Question: In what European country will you still pay for a meal with wildlife instead of euros?
Answer: Croatia, home of the kuna
In 1994, as Croatia began to lay groundwork for independence, it created its own currency, the kuna. But unlike most of the surrounding countries, its coins were emblazoned not with its historic leaders and monuments. Instead, its monetary system was premised on a beast that looks like a weasel crossed with a cat.
A kuna is a Croatian pine marten, a carnivorous creature wearing a lovely long fur coat. That pelt was considered so valuable in the medieval era that it was treated like cash. For centuries, big trade deals were paid in literal kuna, so why not name the national currency after it? The agile animal is embossed on the back of every coin, with more fauna on the flip side: the single kuna features a nightingale, while a tuna swims across the two-kuna coin, and the five-kuna coin is prowled by a growling bear. In fact, the Croatian equivalent of “Buddy can you spare a dime” is “Imas medu? (Do you have a bear?)”
The kuna isn’t the smallest unit of currency; one kuna be divided into 100 lipa, another nod to nature. Lipa is the Croatian word for linden tree, which is the national symbol for rebellion and independence. Just as all kuna feature wildlife, all lipa feature plants (including corn, oak, and tobacco), showing the importance of agriculture to local life.
When Croatia joined the EU in 2013, it was expected to adopt the euro within two years, but that date passed, with half the nation preferring to just keep their kuna. The next target date was set for 2019, until the Croatian President announced the switch was more likely to happen in 2020. Immediately thereafter, the Prime Minister told reporters to “not take seriously” any target dates. For now, Croatia is still kuna country, with its wildlife-based currency untamed by the EU.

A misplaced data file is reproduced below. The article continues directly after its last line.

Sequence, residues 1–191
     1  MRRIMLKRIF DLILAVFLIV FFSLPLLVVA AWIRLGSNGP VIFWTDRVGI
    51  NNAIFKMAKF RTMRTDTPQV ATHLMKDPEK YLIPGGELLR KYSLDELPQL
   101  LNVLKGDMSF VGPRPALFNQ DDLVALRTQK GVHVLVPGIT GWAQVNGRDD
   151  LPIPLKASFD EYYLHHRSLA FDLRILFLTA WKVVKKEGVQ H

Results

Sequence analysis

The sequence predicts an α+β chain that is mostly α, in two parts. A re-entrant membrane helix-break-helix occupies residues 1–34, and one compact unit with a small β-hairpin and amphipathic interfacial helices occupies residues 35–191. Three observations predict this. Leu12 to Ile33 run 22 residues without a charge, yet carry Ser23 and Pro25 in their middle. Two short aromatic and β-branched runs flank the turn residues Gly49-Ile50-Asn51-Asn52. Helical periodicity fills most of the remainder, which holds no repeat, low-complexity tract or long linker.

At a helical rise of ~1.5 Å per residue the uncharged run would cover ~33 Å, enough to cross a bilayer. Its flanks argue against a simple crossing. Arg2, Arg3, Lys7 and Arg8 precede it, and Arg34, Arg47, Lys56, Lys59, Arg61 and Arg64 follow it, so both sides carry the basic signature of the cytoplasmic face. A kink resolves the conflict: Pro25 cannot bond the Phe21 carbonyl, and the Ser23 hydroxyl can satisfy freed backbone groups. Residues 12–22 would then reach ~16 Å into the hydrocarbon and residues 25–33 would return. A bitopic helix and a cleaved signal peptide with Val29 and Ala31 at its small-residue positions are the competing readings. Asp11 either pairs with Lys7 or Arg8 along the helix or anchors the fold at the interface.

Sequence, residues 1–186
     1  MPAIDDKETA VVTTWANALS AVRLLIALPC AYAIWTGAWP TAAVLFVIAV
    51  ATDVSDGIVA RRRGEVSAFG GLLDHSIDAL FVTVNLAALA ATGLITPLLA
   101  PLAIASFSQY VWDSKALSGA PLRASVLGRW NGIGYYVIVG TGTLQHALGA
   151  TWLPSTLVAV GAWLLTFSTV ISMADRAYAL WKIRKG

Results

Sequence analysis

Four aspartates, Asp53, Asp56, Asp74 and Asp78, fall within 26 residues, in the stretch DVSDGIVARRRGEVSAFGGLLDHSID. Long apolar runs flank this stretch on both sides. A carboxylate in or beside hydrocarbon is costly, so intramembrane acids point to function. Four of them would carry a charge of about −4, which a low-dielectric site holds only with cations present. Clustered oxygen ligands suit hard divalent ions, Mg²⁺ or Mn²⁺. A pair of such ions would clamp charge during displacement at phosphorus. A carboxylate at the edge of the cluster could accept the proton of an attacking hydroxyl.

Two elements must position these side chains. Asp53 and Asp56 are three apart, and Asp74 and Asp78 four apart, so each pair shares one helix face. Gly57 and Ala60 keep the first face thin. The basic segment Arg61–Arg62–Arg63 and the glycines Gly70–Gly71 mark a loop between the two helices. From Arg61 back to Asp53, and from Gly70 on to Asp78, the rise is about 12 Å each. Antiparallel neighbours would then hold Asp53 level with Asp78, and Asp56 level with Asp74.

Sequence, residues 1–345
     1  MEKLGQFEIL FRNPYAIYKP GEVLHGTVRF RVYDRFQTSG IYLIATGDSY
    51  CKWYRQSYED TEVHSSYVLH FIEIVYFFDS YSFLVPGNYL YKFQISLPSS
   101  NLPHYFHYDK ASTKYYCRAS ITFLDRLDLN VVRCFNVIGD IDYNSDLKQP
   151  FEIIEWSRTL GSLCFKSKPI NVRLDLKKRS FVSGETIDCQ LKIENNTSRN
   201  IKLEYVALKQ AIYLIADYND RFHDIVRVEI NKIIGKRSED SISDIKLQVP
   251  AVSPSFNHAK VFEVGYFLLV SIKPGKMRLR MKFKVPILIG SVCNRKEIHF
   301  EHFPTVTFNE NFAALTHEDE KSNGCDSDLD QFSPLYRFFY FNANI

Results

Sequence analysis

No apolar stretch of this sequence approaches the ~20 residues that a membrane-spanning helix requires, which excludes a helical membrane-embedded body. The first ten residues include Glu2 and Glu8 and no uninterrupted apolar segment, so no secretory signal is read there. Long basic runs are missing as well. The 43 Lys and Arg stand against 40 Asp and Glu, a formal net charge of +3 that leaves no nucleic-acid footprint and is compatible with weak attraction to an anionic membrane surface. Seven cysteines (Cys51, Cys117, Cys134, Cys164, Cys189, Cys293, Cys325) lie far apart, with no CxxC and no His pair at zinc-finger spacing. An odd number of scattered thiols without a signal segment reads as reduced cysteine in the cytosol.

Five More Ways Croatia Is Unique
- Its gingerbread has no ginger. The UNESCO Intangible Cultural Heritage designation for Croatian gingerbread recognizes the importance of Licitari in local culture, but “gingerbread” is a catch-all term that misses a small detail: Licitari is made with honey, flour, eggs, and water—but no spices at all. The ornately-decorated heart-shaped cookies take more than a month to make from start to finish (with three drying periods), but while they are edible, they are often treated more like greeting cards than as food. (Who wants to eat a five-week-old cookie?)
- Its most famous language isn’t a language. Glagolitsa, the ninth-century brainchild of a pair of monks, was created to give all the Slavic peoples a shared language they could read. Used for official papers and transcriptions of holy texts, it appeared all over Croatia. But there was no common spoken version; everyone knew what the written form meant but kept speaking their original languages. As a result, it remained a script, not a true language. Nonetheless, Glagolithic text is a popular souvenir and symbol of Croatian heritage today.
- Its smallest city is also the world’s. Tiny Hum, officially incorporated as a city hundreds of years ago, has roughly 20 residents at any time (though it boomed to 23 once a few years back). Unlike the world’s smallest town (Lost Springs, Wyoming, population 1), these residents of Hum are spread out in multiple homes, and the city boasts not only more than one street, but its own Catholic church.
- Its liquor cabinets double as medicine chests. Croatians love their brandies, none more than travarica, which is infused with herbs. The combinations are endless; travarica may be flavored with as few as three or four herbs, or feature up to 20, running the gamut from grass to juniper. That may explain why travarica is used to treat so many illnesses. Known as “doctor in a bottle,” travarica is pressed into service to sterilize wounds, soothe toothaches, calm an upset stomach, and even treat the common cold.
- Its ham tastes like the wind. Croatians disdain any comparison between Italian prosciutto and their own prsut, even though both are dry cured hams. They explain that the difference is how prsut is hung outside to dry facing the bura wind from the mountains, which Croats claim is scented by herbs growing on the slopes. If you can’t taste the bura wind, it isn’t really Croatian prosciutto.
Experience the singular pleasures of Croatia when you join our Hidden Gems of the Dalmatian Coast & Greece Small Ship Adventure.